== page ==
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Strength Move for Walkers: Squat

Add a kick to your walking speed with stronger glutes and legs.

By Michele Stanten

Walking is an amazing, effective exercise—but strength training at least twice a week is also a key component of a well-rounded fitness plan and the SilverSneakers Million Pound Challenge.

What's so great about strength training? For starters, it helps prevent muscle loss that naturally occurs with age. Preserving our muscles makes it easier to do almost any activity: getting out of bed, climbing stairs, shopping for groceries, playing pickleball, going on vacation.

Plus, it can boost your walking and weight loss results. A stronger lower body means a more powerful, faster stride, which burns more calories. And more muscle in general keeps your metabolism in high gear, making it easier to lose weight or at least prevent weight gain.

With the Million Pound Challenge, you have a lot of flexibility with the strength portion of the plan. You can take a SilverSneakers class or other group fitness class that incorporates strength training, or try a new gym workout. Or you can follow along with me as I share one new strength move each week to help you build a five-move circuit by the end of the month.

Our first move is the squat, which targets your legs and glutes-key walking muscles. Ready to get started?

Step #1: Place Feet Hip-Width Apart

Your toes and knees should be facing forward. Keep your abs nice and tight. You can relax your arms at your sides.

Step #2: Hinge Hips and Sit Back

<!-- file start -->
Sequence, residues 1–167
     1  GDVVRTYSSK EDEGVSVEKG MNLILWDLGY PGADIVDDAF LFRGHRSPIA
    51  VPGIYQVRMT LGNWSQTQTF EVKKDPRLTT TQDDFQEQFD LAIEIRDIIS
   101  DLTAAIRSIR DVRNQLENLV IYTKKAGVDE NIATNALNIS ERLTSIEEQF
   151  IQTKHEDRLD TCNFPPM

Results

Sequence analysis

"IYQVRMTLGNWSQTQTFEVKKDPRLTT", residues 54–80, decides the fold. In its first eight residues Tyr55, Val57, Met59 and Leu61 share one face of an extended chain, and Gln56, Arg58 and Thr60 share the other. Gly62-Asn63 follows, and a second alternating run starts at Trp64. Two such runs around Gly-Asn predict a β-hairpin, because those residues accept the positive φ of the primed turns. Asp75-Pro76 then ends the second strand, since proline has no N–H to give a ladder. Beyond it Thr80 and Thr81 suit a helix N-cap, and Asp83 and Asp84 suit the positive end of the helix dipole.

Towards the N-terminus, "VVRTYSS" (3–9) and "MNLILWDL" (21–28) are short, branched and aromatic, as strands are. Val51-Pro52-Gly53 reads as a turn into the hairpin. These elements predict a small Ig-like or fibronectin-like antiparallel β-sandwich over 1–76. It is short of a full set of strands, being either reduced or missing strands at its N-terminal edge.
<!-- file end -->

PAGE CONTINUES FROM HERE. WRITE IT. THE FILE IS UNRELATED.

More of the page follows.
Push your hips back and bend your knees to lower your body as if you're sitting in a chair. You can let your arms come forward to help you balance. Keep your chest lifted and your weight in your heels as you lower. Don't let your knees cave in or extend far past your toes.

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Step #3: Press into Heels and Stand Up

Squeeze your glutes as you stand. Aim to do three sets of 10 to 15 reps.

Make It Your Own

Like most exercises, you can-and should-customize the squat to make it work for you. Try this:

  • To make it easier, do a chair stand. Sit down at the edge of a chair, and stand up without using your hands.
  • To make it harder, hold dumbbells down at your sides or by your shoulders as you squat.

Note: The exercises in this workout may be different or more advanced than those you’ll experience in a SilverSneakers class. Please consult your physician before beginning a physical activity program to make sure it’s safe for you.

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